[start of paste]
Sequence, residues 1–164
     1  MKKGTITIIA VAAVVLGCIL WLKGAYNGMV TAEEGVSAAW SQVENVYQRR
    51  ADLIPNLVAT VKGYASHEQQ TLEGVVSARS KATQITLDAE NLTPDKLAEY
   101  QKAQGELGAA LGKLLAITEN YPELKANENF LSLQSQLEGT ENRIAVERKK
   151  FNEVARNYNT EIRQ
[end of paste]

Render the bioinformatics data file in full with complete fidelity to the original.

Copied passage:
Sequence, residues 1–164
     1  MKKGTITIIA VAAVVLGCIL WLKGAYNGMV TAEEGVSAAW SQVENVYQRR
    51  ADLIPNLVAT VKGYASHEQQ TLEGVVSARS KATQITLDAE NLTPDKLAEY
   101  QKAQGELGAA LGKLLAITEN YPELKANENF LSLQSQLEGT ENRIAVERKK
   151  FNEVARNYNT EIRQ